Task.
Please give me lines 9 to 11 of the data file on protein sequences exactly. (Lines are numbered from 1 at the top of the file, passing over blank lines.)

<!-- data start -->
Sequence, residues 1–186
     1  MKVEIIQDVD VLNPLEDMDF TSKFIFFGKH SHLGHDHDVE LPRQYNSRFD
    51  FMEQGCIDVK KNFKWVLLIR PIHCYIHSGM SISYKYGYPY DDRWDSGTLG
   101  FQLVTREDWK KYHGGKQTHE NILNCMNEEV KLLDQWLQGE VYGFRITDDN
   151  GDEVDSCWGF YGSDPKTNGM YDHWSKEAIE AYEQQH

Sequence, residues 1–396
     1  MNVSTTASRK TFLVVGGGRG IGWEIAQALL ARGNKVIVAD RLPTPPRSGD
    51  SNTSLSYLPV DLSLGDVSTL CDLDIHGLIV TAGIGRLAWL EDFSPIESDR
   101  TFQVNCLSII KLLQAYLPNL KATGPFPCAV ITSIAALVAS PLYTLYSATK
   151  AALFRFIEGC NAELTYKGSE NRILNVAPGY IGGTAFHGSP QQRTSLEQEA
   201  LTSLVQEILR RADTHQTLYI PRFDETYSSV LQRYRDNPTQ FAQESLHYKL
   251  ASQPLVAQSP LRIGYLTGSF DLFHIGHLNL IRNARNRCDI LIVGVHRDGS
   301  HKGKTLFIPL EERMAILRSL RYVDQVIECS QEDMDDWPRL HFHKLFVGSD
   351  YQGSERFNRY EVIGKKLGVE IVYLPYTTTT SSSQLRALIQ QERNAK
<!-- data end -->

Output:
   101  TFQVNCLSII KLLQAYLPNL KATGPFPCAV ITSIAALVAS PLYTLYSATK
   151  AALFRFIEGC NAELTYKGSE NRILNVAPGY IGGTAFHGSP QQRTSLEQEA
   201  LTSLVQEILR RADTHQTLYI PRFDETYSSV LQRYRDNPTQ FAQESLHYKL